Anyway, while Taramyn, Skeen, Andor, and Nemik disguise themselves as Imperial guards to welcome the Aldhani pilgrims, Vel and Cinta prepare to enter the Garrison via an underwater route. The meeting between the Chieftan and Beehaz goes “well” on the surface. Because as soon as they part ways, the Chieftan burns the ceremonial goat skin for obvious reasons. It also looks like Gorn is partially to blame for it because he mistranslates the Chieftan’s words to make it more palatable for Beehaz. While all this is going on, Vel and Cinta climb up the dam, install the communications jammer, and proceed to rappel down it (after some hesitation from Vel, probably because of her vertigo) so that they can meet the rest of the group when they ambush Beehaz, his family, and Petigar. As for the ambush, it goes smoothly until Petigar decides to be a hero and holds Nemik hostage. Cinta gets the drop on Petigar and shoots him down. Beehaz pretends that he isn’t the one who can give them access to the Imperial payroll. Vel calls his bluff and holds his family hostage to motivate him to cooperate.


The Rebels’ Plan Is Discovered, And They Suffer Heavy Casualties

Corporal Kimzi (Nick Blood) is the only one who manages to figure out that there’s something wrong because the comms aren’t working. The Rebels put Cinta in charge of looking over the hostages, and Nemik educates her on which buttons to touch and which buttons to stay away from (the Alkenzi Air Base one). Vel and the rest order Beehaz to accompany them to the storage and threaten him with his family’s death. Beehaz says that Vel is surely going to kill his wife and son even if he helps the Rebels. Vel explains the basic difference between the Rebels and the Empire by saying that they aren’t hypocrites, and they’ll leave everyone unharmed if they get what they want. Before leaving for the storage, Vel and Cinta touch hands and wish each other to stay safe. Yes, it’s a hint that they are a couple. Yes, it’s 2022, and Disney is still limiting lesbian representation to the touching of hands. The gesture is obvious enough to be obvious. At the same time, it isn’t obvious enough and can be ignored. But since it’s not the focus of the story (yet), I can give it a pass (for now).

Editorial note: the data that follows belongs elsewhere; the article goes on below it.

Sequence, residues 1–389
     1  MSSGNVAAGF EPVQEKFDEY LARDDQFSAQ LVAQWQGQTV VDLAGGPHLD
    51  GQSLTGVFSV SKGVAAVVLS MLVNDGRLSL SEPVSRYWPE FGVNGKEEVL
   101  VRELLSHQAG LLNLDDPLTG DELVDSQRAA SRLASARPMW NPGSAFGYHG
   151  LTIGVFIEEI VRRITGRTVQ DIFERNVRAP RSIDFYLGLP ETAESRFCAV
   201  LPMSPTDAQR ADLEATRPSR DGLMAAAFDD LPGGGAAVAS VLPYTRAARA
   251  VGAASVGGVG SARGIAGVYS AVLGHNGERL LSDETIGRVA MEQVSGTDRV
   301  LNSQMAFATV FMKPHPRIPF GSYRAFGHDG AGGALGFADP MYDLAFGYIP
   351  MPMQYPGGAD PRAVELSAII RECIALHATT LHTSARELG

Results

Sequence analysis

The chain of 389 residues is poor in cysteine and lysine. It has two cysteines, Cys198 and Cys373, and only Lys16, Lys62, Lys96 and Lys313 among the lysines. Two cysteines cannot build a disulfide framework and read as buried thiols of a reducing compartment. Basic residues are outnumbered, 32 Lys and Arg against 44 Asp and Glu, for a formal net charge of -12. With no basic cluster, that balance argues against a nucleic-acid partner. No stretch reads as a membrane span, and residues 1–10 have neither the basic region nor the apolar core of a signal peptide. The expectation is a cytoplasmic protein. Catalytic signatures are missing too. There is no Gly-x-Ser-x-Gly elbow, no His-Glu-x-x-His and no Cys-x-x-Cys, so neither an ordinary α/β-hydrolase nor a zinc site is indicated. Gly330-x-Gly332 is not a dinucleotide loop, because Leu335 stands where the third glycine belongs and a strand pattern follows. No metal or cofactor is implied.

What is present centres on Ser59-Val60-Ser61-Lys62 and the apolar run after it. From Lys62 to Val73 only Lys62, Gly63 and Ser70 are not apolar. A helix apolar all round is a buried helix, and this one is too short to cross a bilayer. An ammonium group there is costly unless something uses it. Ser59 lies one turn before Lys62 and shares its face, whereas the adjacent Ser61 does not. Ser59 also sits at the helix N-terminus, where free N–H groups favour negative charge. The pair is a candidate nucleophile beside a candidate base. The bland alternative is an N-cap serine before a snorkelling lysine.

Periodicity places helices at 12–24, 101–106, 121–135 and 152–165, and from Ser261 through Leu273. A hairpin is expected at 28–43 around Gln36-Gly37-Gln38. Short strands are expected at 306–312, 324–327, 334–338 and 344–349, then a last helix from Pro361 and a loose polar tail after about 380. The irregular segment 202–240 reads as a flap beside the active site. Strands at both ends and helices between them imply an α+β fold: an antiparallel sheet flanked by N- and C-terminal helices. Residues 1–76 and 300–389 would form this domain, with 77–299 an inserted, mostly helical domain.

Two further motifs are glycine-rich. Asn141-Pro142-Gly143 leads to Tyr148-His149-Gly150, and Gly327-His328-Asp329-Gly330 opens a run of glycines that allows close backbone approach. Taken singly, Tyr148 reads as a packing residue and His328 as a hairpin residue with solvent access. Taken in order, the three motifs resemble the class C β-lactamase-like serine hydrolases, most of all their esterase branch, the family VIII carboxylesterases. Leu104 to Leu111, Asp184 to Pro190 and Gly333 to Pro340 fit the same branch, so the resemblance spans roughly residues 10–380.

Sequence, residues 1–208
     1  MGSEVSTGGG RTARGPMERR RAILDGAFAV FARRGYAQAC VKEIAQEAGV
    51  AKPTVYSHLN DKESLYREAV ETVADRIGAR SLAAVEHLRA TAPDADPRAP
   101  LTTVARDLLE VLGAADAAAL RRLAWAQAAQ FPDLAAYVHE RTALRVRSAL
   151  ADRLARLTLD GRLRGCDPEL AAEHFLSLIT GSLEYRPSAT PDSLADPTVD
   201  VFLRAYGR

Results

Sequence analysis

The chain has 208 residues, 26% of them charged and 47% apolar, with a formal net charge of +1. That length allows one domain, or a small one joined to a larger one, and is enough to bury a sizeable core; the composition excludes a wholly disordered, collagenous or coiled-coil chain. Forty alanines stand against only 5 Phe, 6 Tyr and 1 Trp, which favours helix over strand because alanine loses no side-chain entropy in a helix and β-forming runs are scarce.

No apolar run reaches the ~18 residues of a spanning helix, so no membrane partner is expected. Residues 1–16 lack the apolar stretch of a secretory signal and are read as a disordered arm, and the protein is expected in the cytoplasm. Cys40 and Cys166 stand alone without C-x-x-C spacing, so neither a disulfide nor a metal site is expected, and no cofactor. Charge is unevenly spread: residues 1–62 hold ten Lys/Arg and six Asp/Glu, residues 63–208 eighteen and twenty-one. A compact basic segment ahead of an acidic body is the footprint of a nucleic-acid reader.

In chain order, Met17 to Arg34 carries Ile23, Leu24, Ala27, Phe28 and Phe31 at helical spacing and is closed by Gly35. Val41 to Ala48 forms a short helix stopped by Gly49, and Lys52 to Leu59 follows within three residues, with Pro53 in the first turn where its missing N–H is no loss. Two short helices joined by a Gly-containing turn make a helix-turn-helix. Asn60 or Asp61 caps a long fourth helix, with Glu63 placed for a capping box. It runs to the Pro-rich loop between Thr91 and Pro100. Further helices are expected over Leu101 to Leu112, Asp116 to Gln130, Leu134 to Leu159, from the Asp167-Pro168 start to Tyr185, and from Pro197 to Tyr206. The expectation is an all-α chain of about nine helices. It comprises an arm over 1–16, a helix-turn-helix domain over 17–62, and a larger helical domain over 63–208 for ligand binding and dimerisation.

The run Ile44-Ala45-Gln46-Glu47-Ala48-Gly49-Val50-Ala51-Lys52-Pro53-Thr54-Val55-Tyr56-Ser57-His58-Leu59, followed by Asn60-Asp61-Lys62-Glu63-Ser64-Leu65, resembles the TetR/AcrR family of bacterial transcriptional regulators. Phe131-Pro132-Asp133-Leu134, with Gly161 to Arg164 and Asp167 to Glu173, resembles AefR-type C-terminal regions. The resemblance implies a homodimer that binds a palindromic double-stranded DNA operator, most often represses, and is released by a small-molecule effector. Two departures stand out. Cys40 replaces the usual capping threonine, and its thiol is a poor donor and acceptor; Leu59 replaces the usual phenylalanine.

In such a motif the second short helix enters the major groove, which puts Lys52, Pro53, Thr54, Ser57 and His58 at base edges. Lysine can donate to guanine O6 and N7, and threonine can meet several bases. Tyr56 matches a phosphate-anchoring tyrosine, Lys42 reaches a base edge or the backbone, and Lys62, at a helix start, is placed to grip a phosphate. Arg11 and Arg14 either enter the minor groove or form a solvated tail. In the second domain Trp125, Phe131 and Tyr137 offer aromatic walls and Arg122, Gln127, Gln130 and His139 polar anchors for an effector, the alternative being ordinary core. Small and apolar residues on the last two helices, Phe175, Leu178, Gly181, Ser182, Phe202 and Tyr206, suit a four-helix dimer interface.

After getting to the flight deck – which doubles as the storage unit for the payroll – the Rebels hold the guards hostage and order them to load as many canisters of Imperial credits into the nearby freighter as they can. Andor and Nemik start to fire up the freighter while the rest of them start loading it up. Kimzi tunes into the line between Cinta and Nemik and hears him say that the vault has been breached, and they are preparing the freighter. Cinta changes into Imperial gear, and as soon as she hears some chatter on the radio about the attack, she shuts down the lights of the entire Garrison. The Aldhanis continue with their ceremony while Gorn heads towards the vault through the tunnels, and Kimzi leads a small troop of soldiers in the same direction. As the meteor shower (or the explosion of billions of crystals, as Nemik explained) commences, Gorn reaches the freighter first and shocks Beehaz. He says that Gorn is going to hang for this betrayal. Gorn says that for doing what he has done for seven years – and that too under Beehaz’s orders – he deserves a punishment that’s worse than that.

The Alkenzi Air Base scrambles three Tie Fighters in order to stop anyone from escaping. Kimzi finally arrives at the flight deck, and he and his soldiers start to surround the place. Gorn tries to keep up appearances and orders Kimzi to stand down. He even coaxes Beehaz to parrot his order. But as soon as he faints, Kimzi and his men start firing, and the Rebels fire back. Gorn gets shot, and he dies. Taramyn falls next. Vel, Skeen, and Nemik run into the freighter, and Andor fires it up. The forward motion of the freighter does send the guards shooting at them, flying backward. But it also has the same effect on Vel, Skeen, and Nemik. And while Vel and Skeen don’t suffer any major injuries, Nemik gets crushed between two heavy carriers loaded with the payroll. When Vel and Skeen pull him out of there, Nemik says that he can’t feel his legs, thereby indicating that his spine has been damaged. Vel gives him a shot of adrenaline so that he can guide Andor through the Eye. Then we get a dazzling chase sequence where Andor flies the freighter through the exploding crystals while the Tie Fighters crash and burn in the sky.